A problem that I find with most very large notebooks is that the space between the front of the chassis and the keyboard is huge. So, rather than having a wrist rest area, the Xtreme Ti has a forearm rest area, since most of my forearms end up leaning on the chassis. Having so much of your skin in contact with the chassis becomes an issue because this notebook runs very hot and typing for long periods can become uncomfortable if your skin is very sensitive.
Embedded into the wrist/forearm rest is the large grey touchpad. I personally prefer trackpoints to touchpads, but Rock has put a decent example in the Xtreme Ti, complete with a vertical scroll section on the right hand side. Of course the touchpad will probably be redundant most of the time, as I imagine that the majority of users will plug a mouse in.
Looking around the chassis you’ll see that this is one heavily featured computer. The right side houses the 8x DVD writer, while the front is dominated by the multimedia controls, complete with a blue LED display. From here you can playback music CDs without having to boot the PC up into Windows. There are many notebooks with this feature, but none with speakers that sound as good as this one.
The left of the case is stacked to the brim full of features. First off is a single Type II PC Card slot, with an IrDA port located next to it. Below these is a 7-in-1 memory card reader, which is a great feature, but not so great is the rubber bung that protects the slots, since it is completely removed when the reader is in use and could get lost easily. Next up are the audio ports – there’s headphone, microphone, optical S/PDIF out and line-in. The latter is a particularly good feature as very few notebooks offer a line-in option – you usually have to buy a docking bar if you need stereo line-in. Next to the audio ports are two four-pin FireWire ports, and next to those are four USB 2.0 ports. Rounding off the left hand side is an S-Video output.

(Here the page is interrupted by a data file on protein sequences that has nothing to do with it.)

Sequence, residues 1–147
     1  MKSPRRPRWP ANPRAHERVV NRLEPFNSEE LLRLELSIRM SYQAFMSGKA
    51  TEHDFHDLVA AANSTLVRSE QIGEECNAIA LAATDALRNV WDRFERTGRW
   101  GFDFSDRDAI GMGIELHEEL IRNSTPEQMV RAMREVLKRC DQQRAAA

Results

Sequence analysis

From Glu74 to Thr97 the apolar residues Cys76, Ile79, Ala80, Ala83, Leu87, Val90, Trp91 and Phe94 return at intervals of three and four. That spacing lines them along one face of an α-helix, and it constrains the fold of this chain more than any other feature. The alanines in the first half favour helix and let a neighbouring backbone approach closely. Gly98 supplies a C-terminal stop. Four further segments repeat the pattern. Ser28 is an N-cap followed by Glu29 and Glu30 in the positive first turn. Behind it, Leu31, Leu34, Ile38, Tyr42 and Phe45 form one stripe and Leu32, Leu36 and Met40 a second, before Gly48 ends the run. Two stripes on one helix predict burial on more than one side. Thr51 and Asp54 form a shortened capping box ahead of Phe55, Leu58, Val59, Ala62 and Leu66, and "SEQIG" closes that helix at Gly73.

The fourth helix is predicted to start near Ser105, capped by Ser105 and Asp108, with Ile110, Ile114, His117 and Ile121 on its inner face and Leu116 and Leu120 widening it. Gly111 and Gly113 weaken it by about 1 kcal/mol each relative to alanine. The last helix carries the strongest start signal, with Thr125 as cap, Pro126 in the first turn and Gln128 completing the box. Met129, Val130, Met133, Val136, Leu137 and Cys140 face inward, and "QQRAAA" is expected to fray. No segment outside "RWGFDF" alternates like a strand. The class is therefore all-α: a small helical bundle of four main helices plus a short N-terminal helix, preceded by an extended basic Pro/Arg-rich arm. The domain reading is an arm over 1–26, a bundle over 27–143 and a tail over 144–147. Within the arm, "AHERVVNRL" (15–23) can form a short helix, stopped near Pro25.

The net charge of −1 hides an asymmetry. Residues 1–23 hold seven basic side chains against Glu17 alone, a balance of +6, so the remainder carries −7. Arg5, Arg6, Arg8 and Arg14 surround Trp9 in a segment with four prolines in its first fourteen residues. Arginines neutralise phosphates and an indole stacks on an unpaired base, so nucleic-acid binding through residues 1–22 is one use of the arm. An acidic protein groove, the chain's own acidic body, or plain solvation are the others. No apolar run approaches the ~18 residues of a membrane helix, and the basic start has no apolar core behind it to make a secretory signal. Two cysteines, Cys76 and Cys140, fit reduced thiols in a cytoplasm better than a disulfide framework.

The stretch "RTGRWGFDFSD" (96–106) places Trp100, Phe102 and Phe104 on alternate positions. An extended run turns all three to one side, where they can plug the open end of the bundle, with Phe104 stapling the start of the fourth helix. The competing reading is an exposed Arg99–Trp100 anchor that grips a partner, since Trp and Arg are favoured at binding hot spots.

At the rear you’ll find S-Video and composite video inputs hiding behind another removable rubber flap. Next to this is the modem socket and a LAN port for the integrated Gigabit Ethernet controller. Proving to be very legacy friendly, the Xtreme Ti also sports a PS/2 port, a serial port and a parallel port. Finally, and totally at odds with the legacy support, you’ll find no D-SUB output – instead there is a DVI-I connector and Rock supplies a D-SUB adapter with the notebook.
One thing that really annoyed me with the Xtreme Ti is the over zealous hibernation sensor in the lid. Most notebooks can be configured to go into hibernation when the lid is closed, which is a pretty useful feature. However, the Xtreme Ti doesn’t wait for the lid to be closed – if you so much as adjust the lid towards the keyboard the whole system goes into hibernation. This can be a real pain if you’re moving the screen forward to look behind it while you’re in the middle of something, since next thing you know the machine has gone into hibernation. I can only hope that this was a problem with the sensor on my review model and that production units won’t suffer from the same issue.
Considering the performance and features offered by the Xtreme Ti, I guessed that it wasn’t going to be cheap and with a retail price of £2,206.65 I wasn’t wrong. However, even though the price is very high, it’s still within the realms of acceptability for what is the fastest mobile gaming PC around.
The Rock Xtreme Ti isn’t perfect by any stretch of the imagination, but when a notebook manufacturer is trying to squeeze in the latest technology, including a very fast (and hot) CPU and graphics card, the choice of chassis is limited. Rock has definitely achieved what it set out to do, and the few complaints that I have are definitely outweighed by the awesome mobile gaming experience offered by the Xtreme Ti.